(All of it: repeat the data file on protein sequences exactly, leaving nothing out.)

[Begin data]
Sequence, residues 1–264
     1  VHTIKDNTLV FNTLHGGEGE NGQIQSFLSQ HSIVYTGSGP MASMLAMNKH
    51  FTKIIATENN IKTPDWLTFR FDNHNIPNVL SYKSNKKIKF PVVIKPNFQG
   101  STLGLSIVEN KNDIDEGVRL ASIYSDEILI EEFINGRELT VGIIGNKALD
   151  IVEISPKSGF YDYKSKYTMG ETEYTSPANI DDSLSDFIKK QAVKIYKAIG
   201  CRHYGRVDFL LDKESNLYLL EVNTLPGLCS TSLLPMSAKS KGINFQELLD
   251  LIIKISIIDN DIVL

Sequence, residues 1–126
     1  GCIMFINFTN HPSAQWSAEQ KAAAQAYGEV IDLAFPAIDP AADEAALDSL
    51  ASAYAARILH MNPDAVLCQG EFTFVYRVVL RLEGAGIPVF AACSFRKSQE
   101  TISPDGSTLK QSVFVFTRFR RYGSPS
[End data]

Sequence, residues 1–264
     1  VHTIKDNTLV FNTLHGGEGE NGQIQSFLSQ HSIVYTGSGP MASMLAMNKH
    51  FTKIIATENN IKTPDWLTFR FDNHNIPNVL SYKSNKKIKF PVVIKPNFQG
   101  STLGLSIVEN KNDIDEGVRL ASIYSDEILI EEFINGRELT VGIIGNKALD
   151  IVEISPKSGF YDYKSKYTMG ETEYTSPANI DDSLSDFIKK QAVKIYKAIG
   201  CRHYGRVDFL LDKESNLYLL EVNTLPGLCS TSLLPMSAKS KGINFQELLD
   251  LIIKISIIDN DIVL

Sequence, residues 1–126
     1  GCIMFINFTN HPSAQWSAEQ KAAAQAYGEV IDLAFPAIDP AADEAALDSL
    51  ASAYAARILH MNPDAVLCQG EFTFVYRVVL RLEGAGIPVF AACSFRKSQE
   101  TISPDGSTLK QSVFVFTRFR RYGSPS